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March newsletter: Jack's inquest

Hello there,

I hope you’re keeping well. It’s a slightly different update from me this time.
You may have seen that the inquest into the death of our son Jack concluded the Friday before last. The coroner’s findings were very powerful and will have major implications for the government and the Gambling Act review, so I wanted to provide an update.

As many of you will know, the inquest was a long time coming for a variety of reasons. It was a very intense and tough fortnight for Liz and me. I wanted to thank everyone who has supported us throughout. It really meant a great deal to have had so many messages of support and to see so many people in the courtroom or joining us online. So, thank you.

Liz and I with Jack at his graduation.
After hearing detailed testimony from a wide range of witnesses including ourselves and Jack’s friends, doctors and gambling treatment specialists, government, the Gambling Commission, GambleAware and GamCare, the coroner concluded that there had been major failings in terms of insufficient public health information, poor regulation and inadequate treatment and that these had all contributed to Jack’s death. He said that the warnings, information, and treatment available to Jack were “woefully inadequate” and pointed out that there were “still significant gaps in these areas”.

Due to the ongoing risks to the lives of others, the coroner also issued a Prevention of Future Deaths report to the Department of Culture, Media and Sport, the Department of Education and the Department of Health and Social Care. This requires that the departments must respond within 56 days with “details of action taken or proposed to be taken, setting out the timetable for action”. We await their replies with interest and will no doubt have to consider the next steps depending on the content and proposed actions. You can read the coroner's report here.
Sky News report covering Jack's inquest.
Of course, we didn’t need a coroner to tell us that gambling killed Jack, but it was important to have an official of the state to highlight the role that woeful government failures played in Jack’s death, and to demand action.  

The coroner’s rulings also destroyed the industry-favoured “responsible gambling/individual responsibility” model, which tries to claim that the problem lies with just a few weak or flawed individuals. We were very pleased to hear the coroner state that “being addicted to gambling wasn’t his [Jack’s] fault”.  During the inquest, there was a great deal of evidence heard about the addictiveness of some gambling products.

The CEOs of GamCare and GambleAware both agreed that gambling disorder is caused by addictive gambling products and is not the result of some character flaw, as the industry and its PR would have you believe.
Dr Matt Gaskell, who leads the NHS Northern Gambling Clinic, also gave evidence and stressed it is the whole public who are at risk, not just a vulnerable few. He was very clear that everyone is at risk of developing gambling disorder: a view which was also stated by Chris Philp (the minister in charge of the Gambling Act Review) at the Gambling Reform Rally on March 8.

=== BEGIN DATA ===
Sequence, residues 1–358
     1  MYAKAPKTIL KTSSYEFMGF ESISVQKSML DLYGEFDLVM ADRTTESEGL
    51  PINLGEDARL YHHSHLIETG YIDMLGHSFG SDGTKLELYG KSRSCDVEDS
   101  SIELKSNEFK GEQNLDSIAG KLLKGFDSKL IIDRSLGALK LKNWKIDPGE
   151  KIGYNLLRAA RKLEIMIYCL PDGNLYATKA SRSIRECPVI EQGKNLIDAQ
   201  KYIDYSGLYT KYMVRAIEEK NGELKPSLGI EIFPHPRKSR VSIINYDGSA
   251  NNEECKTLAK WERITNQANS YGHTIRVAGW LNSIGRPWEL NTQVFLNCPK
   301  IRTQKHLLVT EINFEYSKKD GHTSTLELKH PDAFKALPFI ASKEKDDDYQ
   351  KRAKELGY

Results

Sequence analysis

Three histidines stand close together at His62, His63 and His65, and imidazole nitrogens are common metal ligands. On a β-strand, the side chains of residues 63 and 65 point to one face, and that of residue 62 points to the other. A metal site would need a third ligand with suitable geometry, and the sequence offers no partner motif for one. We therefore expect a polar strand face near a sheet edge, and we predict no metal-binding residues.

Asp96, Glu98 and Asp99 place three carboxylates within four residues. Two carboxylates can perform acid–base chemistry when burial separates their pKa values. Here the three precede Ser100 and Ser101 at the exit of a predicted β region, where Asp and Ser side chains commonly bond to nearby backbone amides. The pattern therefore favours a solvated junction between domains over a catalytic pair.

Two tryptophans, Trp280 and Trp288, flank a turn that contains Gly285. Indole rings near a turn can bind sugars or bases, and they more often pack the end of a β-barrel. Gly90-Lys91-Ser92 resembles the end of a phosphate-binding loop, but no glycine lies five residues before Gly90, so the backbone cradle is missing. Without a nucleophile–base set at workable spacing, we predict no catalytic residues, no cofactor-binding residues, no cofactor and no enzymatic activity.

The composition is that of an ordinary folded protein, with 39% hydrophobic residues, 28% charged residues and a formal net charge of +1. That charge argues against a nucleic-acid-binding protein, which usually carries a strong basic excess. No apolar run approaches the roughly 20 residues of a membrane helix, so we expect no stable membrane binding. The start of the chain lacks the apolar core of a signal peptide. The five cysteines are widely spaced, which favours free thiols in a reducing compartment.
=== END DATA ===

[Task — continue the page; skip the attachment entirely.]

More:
That acknowledgement –  from government and from across the gambling landscape – is a huge step forward and is a powerful message to the hundreds of thousands of people in the UK who are suffering with gambling disorder. It is not their fault; they are not weak or flawed individuals; they should not have to bear any stigma or shame; everyone is at risk.

Rather we need tougher regulation on gambling products and the practices of the industry, as well as vastly improved information on the dangers of gambling and more and much better treatment available.
Liz and I giving a statement after the coroner's conclusion.

The inquest also revealed the failures in the regulation of dangerous gambling products, some with addiction and at-risk rates of 50 per cent, and the inadequate requirements on operators to intervene and prevent harm. The coroner noted that the system of regulation “did not stop Jack gambling at a point when he was obviously addicted to gambling”. Sarah Gardner, the Deputy CEO of the Gambling Commission, which is charged with regulating gambling products and industry practices, admitted that the progress the Commission has made in addressing gambling-related suicide has been “disappointing”.

You can read more about the inquest in media coverage herehere and here.

Finally our MP, Paul Blomfield, has secured an Adjournment Debate in Parliament on March 21 titled “Gambling Act Review and coroner’s inquest into the death of Jack Ritchie”. This will give Paul a chance to present a statement and questions to the Minister who will respond. Gambling-Related Harm APPG stalwarts Carolyn Harris, Ronnie Cowan and Sir Iain Duncan Smith will be there … and we’ll be there in the public gallery. Adjournment debates are called by individual MPs and take place at the end of the day’s business … so it could be a 10pm start! You can watch it live, or after the event, here.
That’s all from me for now… it'll be a broader update next time.
As ever, thank you for your support.
Best wishes,

Charles Ritchie
Co-Chair of Trustees, Gambling with Lives

P.S. Clean up Gambling has added a new tool to their website that allows you to contact your MP in a few simple clicks to ask them to support effective gambling reform. Please do use it if you haven't been in contact already. It really makes a huge difference when MPs are contacted by their constituents – thank you.
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